We’re grateful to AZ DES (Arizona Department of Economic Security) for highlighting the success of our SNAP CAN (Supplemental Nutrition Assistance Program Career Advancement Network) partnership.

(Article courtesy of Arizona DES Office of Communications)

SNAP CAN Provides Financial Benefits for Community-Serving Nonprofit

The Supplemental Nutrition Assistance Program Career Advancement Network (SNAP CAN) is a federal, state and local partnership designed to help Supplemental Nutrition Assistance Employment and Training (SNA E&T) participants overcome barriers and find employment.

Organizations — both public and nonprofit — which offer approved employment and training services to SNAP recipients are also eligible to become a SNAP CAN partner and receive access to federal reimbursement dollars for services they are already providing.

One SNAP CAN program that has had great success and seen exponential growth is United Methodist Outreach Ministries (UMOM) (link is external). UMOM has been

UMOM team in front of the Employment Center. Daniel Davis in front, second from left. (Photo credit Daniel Davis)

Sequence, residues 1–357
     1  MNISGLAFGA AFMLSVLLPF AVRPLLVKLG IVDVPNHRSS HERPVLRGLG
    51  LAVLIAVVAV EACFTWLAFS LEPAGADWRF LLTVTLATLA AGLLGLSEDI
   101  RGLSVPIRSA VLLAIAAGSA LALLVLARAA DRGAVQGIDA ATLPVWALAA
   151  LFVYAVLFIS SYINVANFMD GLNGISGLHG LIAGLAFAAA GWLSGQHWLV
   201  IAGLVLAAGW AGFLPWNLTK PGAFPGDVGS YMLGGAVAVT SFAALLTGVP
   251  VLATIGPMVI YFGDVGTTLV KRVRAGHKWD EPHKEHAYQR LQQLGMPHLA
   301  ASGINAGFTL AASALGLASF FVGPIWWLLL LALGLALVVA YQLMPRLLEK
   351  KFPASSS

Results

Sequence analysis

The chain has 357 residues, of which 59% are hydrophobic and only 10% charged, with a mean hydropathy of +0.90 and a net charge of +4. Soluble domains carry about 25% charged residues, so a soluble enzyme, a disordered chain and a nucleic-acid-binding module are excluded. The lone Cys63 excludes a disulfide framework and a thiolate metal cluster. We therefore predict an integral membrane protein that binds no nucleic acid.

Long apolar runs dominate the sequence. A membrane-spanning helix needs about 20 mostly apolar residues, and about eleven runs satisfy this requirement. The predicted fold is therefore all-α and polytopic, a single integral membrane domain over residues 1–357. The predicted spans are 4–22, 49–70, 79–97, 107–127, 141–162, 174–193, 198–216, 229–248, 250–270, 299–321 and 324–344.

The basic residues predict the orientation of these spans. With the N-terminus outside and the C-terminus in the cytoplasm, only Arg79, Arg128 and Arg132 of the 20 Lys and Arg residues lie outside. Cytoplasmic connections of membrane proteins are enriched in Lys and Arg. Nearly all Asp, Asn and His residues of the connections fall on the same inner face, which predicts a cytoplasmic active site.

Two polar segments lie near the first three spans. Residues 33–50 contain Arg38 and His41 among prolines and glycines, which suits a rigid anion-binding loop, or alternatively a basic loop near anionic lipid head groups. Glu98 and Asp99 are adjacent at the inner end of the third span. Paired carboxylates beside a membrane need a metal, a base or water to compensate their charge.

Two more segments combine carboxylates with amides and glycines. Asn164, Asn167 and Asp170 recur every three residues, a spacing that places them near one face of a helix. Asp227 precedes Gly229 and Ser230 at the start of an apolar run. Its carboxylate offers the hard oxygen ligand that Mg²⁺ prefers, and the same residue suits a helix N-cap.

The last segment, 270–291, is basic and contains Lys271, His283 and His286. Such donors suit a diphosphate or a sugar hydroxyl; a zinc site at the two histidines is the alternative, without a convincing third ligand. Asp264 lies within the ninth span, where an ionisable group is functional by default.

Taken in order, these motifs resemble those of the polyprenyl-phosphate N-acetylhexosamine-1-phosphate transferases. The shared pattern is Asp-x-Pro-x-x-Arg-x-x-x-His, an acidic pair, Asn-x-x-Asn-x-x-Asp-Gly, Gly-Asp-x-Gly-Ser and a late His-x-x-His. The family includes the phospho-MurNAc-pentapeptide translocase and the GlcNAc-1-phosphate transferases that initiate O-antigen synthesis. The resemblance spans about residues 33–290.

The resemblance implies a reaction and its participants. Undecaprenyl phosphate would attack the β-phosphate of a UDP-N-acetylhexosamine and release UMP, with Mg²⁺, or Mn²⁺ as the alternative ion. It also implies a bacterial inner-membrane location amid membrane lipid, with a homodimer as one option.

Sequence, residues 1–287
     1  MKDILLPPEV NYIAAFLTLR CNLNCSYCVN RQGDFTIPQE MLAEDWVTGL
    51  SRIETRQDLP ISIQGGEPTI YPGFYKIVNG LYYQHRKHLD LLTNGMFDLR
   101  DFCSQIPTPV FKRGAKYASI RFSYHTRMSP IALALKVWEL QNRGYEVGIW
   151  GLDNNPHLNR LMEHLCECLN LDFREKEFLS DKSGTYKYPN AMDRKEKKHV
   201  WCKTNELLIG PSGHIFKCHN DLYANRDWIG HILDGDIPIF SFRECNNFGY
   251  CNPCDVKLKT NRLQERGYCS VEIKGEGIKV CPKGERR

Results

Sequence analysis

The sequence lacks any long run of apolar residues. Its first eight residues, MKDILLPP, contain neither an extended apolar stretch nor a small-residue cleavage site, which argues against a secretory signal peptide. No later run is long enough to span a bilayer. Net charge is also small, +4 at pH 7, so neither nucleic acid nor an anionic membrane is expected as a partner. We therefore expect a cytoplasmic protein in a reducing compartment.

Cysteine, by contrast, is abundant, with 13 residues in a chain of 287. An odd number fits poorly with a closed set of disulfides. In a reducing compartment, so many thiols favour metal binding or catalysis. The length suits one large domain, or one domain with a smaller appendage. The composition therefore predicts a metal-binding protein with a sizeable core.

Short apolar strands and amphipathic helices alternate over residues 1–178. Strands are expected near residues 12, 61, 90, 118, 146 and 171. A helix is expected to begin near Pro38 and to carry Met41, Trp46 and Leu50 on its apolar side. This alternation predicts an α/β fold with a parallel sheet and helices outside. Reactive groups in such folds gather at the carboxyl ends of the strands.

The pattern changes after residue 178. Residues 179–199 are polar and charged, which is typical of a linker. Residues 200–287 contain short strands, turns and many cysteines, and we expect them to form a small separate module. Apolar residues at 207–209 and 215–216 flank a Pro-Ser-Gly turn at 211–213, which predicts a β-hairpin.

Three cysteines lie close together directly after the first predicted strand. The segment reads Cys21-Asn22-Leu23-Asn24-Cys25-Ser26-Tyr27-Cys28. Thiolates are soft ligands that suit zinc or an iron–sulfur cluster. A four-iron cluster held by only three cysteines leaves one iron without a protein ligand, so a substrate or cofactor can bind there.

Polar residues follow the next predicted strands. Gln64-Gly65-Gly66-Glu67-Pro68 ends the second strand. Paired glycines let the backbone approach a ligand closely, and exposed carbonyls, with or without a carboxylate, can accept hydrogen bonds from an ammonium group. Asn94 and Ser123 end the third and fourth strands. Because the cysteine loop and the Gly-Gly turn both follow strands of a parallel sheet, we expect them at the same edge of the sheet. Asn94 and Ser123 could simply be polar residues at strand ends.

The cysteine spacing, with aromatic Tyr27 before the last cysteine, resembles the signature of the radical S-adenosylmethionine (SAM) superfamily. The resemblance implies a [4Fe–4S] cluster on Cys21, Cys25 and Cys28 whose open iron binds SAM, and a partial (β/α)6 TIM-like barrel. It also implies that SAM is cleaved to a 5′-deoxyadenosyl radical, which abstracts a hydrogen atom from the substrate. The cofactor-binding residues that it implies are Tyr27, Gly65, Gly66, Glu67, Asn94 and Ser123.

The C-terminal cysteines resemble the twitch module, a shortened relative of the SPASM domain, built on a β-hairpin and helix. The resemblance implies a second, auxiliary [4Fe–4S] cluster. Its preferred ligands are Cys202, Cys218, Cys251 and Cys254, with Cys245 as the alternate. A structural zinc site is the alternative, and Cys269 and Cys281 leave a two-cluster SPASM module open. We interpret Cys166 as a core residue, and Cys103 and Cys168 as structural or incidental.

a SNAP CAN partner for nearly four years. Not only does UMOM provide widely renowned blueberry muffins at its Helpings Café (link is external) — a place that helps fund programs and delivers employment experience in the food industry — it also assists people experiencing homelessness with living assistance and tools for the workforce.

Daniel Davis is the Workforce Development Manager at UMOM. He said that before UMOM partnered with SNAP CAN, its employment services were limited due to funding, so clients would have to choose which part of the program (like transportation, job readiness, job retention, education) in which to participate. Most of their decisions were based on scarcity and availability.

After becoming a SNAP CAN Partner, UMOM has expanded its reach to serve more individuals in need of employment assistance.

“Since joining SNA E&T as a partner, SNAP CAN has become the largest single source of funding for UMOM’s Workforce Department,” Davis said. “It has proven invaluable due to its flexibility; allowing our program to dictate how employment services should be administered.”

Per its latest projections, UMOM predicts SNAP CAN will fund 50% of the workforce program for fiscal year 2019-2020.

“Due to the breadth and continuity of supportive services offered to participants in SNAP CAN, UMOM can help participants in job readiness one month, then provide follow-up support for job retention the next month, and even pay supportive costs for participants to pursue their GED the following month,” said Davis.

According to data collected by DES SNAP CAN coordinator, Krystal Magata, UMOM’s outreach was able to connect with many additional people needing services:

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